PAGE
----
In regards to your third point: the greatest evolutionary success on Earth, whether measured by pure numbers, biomass, or adaptability to drastic environmental change, is that of bacteria, not multicellular organisms. The reason is simple: it's generally an advantage to be just complex enough to self-replicate effectively and make reasonably efficient use of resources, but not too much more, as complexity is fragile.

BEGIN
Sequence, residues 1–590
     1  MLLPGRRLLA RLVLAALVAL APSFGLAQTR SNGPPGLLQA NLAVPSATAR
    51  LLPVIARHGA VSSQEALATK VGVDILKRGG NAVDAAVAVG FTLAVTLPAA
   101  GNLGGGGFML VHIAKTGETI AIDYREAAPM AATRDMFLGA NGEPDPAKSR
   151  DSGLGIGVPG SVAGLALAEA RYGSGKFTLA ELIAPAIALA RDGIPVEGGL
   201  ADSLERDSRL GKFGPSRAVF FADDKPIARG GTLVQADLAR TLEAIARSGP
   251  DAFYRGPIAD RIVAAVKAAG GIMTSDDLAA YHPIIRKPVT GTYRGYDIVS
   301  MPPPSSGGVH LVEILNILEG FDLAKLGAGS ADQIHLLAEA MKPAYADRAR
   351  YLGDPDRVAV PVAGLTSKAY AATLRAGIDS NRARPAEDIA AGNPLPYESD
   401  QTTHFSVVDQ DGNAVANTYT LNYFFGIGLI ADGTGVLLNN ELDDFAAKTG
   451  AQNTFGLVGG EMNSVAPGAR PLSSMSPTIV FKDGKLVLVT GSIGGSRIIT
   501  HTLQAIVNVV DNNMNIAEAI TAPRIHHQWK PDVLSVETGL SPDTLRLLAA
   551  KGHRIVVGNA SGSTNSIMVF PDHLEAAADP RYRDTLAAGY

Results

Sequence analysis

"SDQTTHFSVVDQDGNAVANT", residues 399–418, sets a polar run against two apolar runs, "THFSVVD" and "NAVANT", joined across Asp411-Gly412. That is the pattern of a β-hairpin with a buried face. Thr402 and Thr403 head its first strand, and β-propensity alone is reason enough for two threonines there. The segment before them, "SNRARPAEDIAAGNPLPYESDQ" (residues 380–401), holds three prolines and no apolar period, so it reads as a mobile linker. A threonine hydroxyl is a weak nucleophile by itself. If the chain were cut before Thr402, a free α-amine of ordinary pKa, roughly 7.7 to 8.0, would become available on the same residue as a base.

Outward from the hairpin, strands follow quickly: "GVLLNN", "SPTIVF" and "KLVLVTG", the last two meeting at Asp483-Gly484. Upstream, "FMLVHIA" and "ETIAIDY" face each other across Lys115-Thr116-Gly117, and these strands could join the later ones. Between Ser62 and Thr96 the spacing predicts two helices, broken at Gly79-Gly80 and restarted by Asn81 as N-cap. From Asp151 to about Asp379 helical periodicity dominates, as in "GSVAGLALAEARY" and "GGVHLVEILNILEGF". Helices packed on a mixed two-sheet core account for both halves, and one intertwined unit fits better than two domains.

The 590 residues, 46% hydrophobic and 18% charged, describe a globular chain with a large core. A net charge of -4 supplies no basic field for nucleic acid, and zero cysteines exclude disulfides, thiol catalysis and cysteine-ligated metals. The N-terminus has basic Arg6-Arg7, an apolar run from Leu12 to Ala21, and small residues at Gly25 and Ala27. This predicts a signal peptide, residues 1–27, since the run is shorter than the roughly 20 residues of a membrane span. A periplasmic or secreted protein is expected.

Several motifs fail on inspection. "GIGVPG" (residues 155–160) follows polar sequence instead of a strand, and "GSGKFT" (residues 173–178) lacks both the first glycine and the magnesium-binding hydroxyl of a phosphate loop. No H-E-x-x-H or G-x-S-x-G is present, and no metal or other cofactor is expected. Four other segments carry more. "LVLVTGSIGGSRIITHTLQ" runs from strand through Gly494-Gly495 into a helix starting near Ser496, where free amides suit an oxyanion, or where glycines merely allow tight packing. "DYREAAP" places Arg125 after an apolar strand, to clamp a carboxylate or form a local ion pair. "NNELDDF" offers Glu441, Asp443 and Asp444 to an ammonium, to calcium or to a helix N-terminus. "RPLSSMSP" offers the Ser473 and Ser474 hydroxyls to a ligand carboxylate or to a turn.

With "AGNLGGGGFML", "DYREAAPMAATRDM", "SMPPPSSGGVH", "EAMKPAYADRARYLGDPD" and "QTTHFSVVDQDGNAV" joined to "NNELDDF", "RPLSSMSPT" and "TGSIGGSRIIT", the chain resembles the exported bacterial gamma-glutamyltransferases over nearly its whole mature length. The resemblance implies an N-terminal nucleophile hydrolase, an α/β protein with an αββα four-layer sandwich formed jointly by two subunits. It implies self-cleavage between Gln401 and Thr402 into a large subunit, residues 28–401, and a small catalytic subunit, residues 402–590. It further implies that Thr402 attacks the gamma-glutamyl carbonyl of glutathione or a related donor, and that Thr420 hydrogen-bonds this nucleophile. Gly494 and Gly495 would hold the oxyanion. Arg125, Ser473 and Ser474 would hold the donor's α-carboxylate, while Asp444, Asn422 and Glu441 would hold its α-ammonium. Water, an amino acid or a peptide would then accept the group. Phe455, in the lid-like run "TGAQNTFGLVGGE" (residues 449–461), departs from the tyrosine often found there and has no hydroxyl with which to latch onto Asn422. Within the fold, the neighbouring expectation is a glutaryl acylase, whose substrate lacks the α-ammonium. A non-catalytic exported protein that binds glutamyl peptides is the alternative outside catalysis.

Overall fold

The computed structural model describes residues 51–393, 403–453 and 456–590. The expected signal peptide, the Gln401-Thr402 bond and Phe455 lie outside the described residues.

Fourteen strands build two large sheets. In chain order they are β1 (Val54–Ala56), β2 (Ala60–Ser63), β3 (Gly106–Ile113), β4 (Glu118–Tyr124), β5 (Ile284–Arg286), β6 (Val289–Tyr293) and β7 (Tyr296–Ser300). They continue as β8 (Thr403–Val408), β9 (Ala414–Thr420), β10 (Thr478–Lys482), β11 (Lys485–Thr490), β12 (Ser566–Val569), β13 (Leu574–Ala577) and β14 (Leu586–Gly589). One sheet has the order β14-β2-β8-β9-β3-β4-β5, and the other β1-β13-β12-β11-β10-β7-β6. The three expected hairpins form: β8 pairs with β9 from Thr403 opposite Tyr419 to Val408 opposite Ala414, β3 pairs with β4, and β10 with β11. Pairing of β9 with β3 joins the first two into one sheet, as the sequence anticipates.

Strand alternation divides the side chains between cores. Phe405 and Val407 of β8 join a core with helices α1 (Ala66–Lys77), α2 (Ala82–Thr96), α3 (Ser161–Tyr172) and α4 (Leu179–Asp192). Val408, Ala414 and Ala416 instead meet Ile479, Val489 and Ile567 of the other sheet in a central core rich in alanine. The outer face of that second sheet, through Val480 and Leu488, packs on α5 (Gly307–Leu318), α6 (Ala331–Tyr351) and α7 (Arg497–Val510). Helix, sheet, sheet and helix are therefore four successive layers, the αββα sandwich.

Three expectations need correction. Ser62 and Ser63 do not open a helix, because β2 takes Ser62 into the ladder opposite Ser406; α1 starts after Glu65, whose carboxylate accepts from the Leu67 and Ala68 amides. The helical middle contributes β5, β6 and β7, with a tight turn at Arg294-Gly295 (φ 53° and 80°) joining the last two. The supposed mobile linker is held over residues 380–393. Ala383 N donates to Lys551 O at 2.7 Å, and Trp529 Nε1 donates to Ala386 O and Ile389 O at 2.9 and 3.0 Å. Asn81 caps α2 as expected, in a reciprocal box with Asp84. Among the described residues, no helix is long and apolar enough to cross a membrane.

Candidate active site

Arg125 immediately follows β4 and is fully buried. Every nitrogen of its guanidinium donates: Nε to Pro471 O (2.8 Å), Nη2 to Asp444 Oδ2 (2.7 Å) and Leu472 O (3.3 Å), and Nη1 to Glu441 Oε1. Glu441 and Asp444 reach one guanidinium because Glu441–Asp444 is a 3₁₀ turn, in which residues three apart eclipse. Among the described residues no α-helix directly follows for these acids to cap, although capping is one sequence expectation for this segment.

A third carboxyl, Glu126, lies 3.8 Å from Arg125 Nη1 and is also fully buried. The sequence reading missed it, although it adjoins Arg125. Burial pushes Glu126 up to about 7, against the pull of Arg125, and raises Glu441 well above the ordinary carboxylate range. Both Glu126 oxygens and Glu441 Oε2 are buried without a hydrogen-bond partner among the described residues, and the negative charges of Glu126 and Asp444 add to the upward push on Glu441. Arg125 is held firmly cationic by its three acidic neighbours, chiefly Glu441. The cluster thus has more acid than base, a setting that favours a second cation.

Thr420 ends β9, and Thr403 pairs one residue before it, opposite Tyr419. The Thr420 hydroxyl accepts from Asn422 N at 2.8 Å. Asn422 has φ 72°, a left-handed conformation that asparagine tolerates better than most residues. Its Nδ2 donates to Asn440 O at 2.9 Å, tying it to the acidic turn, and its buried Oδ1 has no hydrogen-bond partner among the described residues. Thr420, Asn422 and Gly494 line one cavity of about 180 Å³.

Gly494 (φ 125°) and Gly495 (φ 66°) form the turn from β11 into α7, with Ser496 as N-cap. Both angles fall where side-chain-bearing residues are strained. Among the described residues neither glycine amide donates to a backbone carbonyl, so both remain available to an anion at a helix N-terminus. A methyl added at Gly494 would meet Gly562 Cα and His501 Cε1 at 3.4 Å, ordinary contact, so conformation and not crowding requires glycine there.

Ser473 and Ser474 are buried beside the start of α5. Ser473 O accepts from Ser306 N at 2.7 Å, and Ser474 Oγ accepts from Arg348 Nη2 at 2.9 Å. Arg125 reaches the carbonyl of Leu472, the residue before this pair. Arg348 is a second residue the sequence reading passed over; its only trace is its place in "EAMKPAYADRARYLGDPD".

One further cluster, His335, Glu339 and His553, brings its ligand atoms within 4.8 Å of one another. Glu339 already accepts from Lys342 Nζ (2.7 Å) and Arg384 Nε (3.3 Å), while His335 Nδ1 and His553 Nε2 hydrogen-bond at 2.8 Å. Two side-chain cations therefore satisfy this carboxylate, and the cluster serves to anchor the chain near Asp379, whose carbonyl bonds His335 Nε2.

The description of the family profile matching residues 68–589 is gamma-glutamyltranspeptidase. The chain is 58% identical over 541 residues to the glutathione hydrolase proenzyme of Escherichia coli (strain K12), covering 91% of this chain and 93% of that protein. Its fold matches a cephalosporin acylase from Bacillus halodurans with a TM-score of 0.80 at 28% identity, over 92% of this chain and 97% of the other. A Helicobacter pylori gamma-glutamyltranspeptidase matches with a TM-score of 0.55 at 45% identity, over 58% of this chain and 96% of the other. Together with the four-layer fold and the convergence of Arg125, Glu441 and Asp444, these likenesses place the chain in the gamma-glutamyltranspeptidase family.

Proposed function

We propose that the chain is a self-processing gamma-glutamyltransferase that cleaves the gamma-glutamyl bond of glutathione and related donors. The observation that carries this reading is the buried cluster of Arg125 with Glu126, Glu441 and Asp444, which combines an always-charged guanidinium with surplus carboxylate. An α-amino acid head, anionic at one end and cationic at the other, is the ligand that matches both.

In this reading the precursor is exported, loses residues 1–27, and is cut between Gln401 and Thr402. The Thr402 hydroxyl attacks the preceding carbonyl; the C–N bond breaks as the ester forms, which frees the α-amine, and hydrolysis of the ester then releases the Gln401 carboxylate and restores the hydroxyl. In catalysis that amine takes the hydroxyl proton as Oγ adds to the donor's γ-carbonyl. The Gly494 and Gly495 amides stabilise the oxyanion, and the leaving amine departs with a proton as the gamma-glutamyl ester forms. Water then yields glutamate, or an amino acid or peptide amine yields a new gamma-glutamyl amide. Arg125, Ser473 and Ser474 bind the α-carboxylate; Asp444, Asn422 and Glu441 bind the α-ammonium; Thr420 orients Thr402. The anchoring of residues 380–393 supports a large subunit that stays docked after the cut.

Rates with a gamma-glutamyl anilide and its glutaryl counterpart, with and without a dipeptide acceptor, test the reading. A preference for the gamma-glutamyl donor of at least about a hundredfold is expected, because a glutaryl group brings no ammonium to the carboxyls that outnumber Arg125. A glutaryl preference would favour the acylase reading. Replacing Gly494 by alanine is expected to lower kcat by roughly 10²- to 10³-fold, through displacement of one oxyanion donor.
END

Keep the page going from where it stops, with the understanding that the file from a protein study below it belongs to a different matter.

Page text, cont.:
There's a variation of your seventh point that's much more significant than the version you posted: sterilizer probes. Given accelerating expansion pushing us asymptotically towards de Sitter spacetime, within any Hubble volume, there is a finite amount of energy usable for work (in the physical sense of work, such as for maintaining life processes) for eternity. Different civilizations spreading throughout space that come to interact necessarily become competitors as long as they value their own even slightly more than the other. This would lead to an inevitable resource conflict on sufficiently large timescales because scarcity of the ultimate resource is inevitable. The ethical choice, then, is to send out self-replicating sterilizer probes to destroy all other intelligent life as early as possible before it has built up in numbers, since you'll be preventing the destruction of a much higher number of lives later on in a resource war. So, taking this argument (not mine; it's been around for quite a while), one can then simply apply a variation of the anthropic principle and say that the very chance you exist almost requires that there are no other civilizations that could have reached us by now, because any such would have with very high probability made you not exist.